“Going viral? You can’t plan for it…”

He may have helped launch Twisted Jeans (remember them?), but Fredrik Carling’s latest venture could be even more of a game-changer. His business secret? Just keep going.

As ceo of Hövding, the world’s first maker of airbags for cyclists, Fredrik Carling is used to creating a buzz online. Videos featuring the company’s lifesaver have been viewed millions of times and with good reason: it’s a game-changer. In the event of an accident, the discreet collar inflates to create a hood-shaped airbag and has been found to provide eight times better protection than a regular bicycle helmet. The company has sold thousands of units, but as Carling explains here, it’s a product that’s hard to get your head around…

It’s not where you come from… “I don’t have a formal education and when I started out in work, it was with Levi Strauss in the local warehouse. Back then, the fact that they were willing to pay for a forklift certificate for me was a big deal. I went on from there to sales and marketing, and then retail in the largest department store in Denmark. I’ve done a lot of things, but I really feel it’s about the here and now. If I deal with someone in business, all I need to know is if they can do their job – not what they did to get there.”

I’ve made a contribution “In my career, I’ve had the chance to work on projects that have challenged long-standing truths. Back in 1998, I was picked to lead a global think tank at Levi’s that eventually created a whole new form of jeanswear – the Twisted Jeans. It was revolutionary, it reinvented the market and influenced how they [jeans] are manufactured. Today, you can still see traces of what we achieved.”

To change a mindset takes time “What I’m working on now ranks even higher than the Twisted Jeans. If you think about it, we’ve been putting something on our heads for protection for thousands of years, going back to Roman times. But it’s no longer necessary, as our airbags will protect you. The challenge comes in shifting the mindset that is almost ingrained in us. In 30 years’ time, I’m confident that helmets as we knew them won’t exist.”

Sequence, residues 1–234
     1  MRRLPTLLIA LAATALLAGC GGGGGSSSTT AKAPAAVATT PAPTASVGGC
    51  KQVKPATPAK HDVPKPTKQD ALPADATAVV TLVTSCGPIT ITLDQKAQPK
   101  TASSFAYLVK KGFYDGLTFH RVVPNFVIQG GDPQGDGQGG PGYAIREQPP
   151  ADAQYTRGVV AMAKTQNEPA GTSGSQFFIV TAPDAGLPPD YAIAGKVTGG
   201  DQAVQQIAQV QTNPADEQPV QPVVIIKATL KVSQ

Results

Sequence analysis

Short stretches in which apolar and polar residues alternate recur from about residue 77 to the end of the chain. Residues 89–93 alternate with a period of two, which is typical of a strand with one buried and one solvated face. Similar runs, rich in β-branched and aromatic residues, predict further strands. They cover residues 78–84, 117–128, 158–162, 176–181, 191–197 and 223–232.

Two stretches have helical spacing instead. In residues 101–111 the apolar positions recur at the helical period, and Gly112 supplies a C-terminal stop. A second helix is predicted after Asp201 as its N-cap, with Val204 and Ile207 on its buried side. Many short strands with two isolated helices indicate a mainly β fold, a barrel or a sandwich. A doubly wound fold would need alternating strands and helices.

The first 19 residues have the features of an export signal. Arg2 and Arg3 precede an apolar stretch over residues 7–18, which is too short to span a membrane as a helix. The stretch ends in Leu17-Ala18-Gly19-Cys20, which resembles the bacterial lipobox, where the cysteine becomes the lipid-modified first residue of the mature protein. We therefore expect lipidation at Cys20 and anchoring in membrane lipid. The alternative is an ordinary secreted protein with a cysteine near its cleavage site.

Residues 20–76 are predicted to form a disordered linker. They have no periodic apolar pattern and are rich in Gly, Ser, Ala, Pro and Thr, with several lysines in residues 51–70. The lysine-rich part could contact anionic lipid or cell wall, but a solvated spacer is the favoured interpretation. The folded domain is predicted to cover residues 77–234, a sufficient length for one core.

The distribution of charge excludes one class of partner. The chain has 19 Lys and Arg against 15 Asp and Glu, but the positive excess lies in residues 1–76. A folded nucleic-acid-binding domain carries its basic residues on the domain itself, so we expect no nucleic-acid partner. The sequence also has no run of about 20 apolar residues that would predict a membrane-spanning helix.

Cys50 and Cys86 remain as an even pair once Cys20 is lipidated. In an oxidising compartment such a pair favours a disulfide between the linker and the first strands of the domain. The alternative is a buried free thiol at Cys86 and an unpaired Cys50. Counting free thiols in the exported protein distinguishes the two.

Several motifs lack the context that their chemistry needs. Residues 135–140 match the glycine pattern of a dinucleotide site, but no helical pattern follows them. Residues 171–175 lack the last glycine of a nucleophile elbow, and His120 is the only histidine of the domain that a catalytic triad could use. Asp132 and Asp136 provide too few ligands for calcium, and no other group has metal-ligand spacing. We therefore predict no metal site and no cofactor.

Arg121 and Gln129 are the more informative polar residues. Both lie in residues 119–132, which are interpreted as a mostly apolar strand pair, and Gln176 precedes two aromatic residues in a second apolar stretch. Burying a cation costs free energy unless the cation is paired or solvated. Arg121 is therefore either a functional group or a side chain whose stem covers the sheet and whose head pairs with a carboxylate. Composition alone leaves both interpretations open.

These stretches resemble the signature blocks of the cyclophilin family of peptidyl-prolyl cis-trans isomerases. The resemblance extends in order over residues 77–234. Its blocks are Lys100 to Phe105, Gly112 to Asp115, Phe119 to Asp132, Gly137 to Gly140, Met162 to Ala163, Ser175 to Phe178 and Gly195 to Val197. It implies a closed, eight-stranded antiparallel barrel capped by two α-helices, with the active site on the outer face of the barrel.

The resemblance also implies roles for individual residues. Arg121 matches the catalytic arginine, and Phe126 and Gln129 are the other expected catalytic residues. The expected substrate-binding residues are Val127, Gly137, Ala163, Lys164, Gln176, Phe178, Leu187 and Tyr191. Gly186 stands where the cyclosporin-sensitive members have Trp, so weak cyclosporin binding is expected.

Just keep going “We were recently listed on the Nasdaq Nordic [stock market] in Sweden. It was a huge learning experience. The workload was incredible, but because our company was then only 23-people strong, we couldn’t let it affect the rest of the workforce. The CFO and I had to absorb the burden and protect everyone else from any stress, so that they could continue to do their jobs and keep us going.“

It gets emotional sometimes “Our product has been in over 700 accidents and it has always done its job. It might not have made the critical difference every single time, but we do get a user every now and then who gets in touch and says, ‘You saved my life’. It always has a deep impact on us.”

I have no idea how to ‘go viral’… “In September, there was a one-minute film that was released by someone using some of our video content. Within five or six days, 180 million people had seen it and two million had seen fit to share it – 180 million! I guess we have an engaging story to tell, but I still don’t know what makes one thing go viral over another.”

…and it doesn’t mean more sales “It’s partly true that people ring up and place orders when something like that happens, but it’s more of a long-term sales process. That video has placed a seed in 180 million people’s heads.”

Don’t let the occasion get to you “We’re a small company in our sector: the airbag industry is dominated by five companies worth billions. However, we were able to sit down with three of those five and negotiate for a partnership and you know what? They were high-level discussions, but the people were just… people. We now have an enduring partnership with a Japanese company and it’s working out very nicely.”

This interview was carried out by SIM7’s Simeon de la Torre and first appeared in easyJet Traveller magazine. To read the latest issue (and the entire back catalogue of magazines), visit: http://www.ink-live.com/emagazines/easyjet-inflight